A Tale Etched in Blood and Hard Black Pencil - Christopher Brookmyre
No explosions in this one, but all the other Brookmyre hallmarks are there - an intricate plot, complex and believable characters and a hefty dose of dry humour. It's easy to make comparisons with his earlier school-reunion book One Fine Day In The Middle Of The Night, but if anything this is slightly grimmer and more adult. This is probably due to the aforementioned lack of explosions, but also because he takes the brave step of killing off a character that you've come to care about (not a spoiler, don't worry; the body is discovered in the very first sentence).
The book opens with short scenes alternating between two panicked guys trying to hide some bodies, and the police discovering the remains shortly afterwards. An unfortunately-placed page break had me briefly confused, as it made it look like the police were doing the inept body-disposal themselves, but that was just bad layout - one thing you can be sure of with Brookmyre is that his characters are never going to act in inappropriate ways for the sake of a plot device. The first two criminals - old classmates of both the detective and the victim - are quickly apprehended, but of course it's not as simple as that (or it'd be a very short book). The subsequent police-procedural murder investigation then takes something of a back seat, as we go back to follow the characters' journey through the horrors of primary school, to see what clues can be found there.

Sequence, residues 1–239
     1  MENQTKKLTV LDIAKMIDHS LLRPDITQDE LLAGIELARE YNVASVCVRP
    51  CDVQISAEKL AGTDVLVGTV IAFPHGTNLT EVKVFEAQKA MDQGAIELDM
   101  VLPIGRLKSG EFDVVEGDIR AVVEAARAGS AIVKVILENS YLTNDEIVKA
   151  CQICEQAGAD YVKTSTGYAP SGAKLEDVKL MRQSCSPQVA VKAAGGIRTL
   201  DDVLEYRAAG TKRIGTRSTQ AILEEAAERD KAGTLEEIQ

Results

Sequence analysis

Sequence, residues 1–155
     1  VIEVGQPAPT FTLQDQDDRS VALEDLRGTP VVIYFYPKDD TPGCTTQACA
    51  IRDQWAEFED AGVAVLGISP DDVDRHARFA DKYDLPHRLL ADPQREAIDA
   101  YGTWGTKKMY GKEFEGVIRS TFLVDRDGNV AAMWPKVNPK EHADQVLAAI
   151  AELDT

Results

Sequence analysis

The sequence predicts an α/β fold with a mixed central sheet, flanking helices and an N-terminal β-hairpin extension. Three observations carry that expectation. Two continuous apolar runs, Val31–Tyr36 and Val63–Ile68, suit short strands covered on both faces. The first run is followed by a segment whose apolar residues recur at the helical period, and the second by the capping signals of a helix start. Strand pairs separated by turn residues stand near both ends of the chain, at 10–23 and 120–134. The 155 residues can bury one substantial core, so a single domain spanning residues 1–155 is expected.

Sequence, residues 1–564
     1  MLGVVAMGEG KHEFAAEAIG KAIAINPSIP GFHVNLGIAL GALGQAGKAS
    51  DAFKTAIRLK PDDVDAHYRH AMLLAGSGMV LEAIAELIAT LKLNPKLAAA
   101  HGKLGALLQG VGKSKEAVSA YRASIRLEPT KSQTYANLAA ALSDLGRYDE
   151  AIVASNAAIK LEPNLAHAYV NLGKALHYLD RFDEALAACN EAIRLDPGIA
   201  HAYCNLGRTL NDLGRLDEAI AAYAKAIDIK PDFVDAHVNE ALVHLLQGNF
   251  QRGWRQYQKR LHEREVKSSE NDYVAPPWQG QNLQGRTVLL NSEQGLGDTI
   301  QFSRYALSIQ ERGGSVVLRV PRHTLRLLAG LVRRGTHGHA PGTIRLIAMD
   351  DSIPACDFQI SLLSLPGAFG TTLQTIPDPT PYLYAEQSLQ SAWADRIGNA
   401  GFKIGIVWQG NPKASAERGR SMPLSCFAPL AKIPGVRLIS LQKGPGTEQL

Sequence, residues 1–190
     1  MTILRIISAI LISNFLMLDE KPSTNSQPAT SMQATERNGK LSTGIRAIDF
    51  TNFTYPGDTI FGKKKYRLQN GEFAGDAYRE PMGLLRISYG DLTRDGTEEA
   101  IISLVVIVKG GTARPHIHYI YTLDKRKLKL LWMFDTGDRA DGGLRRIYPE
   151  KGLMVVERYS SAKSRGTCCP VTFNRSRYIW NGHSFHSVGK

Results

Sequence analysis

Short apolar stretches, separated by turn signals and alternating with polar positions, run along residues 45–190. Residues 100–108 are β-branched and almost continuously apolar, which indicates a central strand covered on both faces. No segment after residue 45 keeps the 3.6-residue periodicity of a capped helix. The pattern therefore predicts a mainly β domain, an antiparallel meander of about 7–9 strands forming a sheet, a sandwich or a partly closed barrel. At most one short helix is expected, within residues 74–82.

This is a welcome return to classic, old-style murder mystery, where villains can be tracked down by unravelling the background and the motives - Patricia Cornwell and her forensic-detecting ilk are all very well, but as bad guys go, motiveless psychopaths are a bit of a cop-out. Here, Brookmyre is in his element, building a convincing past for all the main players, interspersed with the ongoing investigation and how they all interact as adults; as ever, his characters are made of real blood and bone, and you end up sympathising with even the worst of them.
I won't be giving anything away by saying the ending is unexpected - it is a mystery, after all. However, there's no gimmicky twist or Agatha Christie triteness, just an ending that ties it all up and seems entirely natural. Another result from a consistently good writer.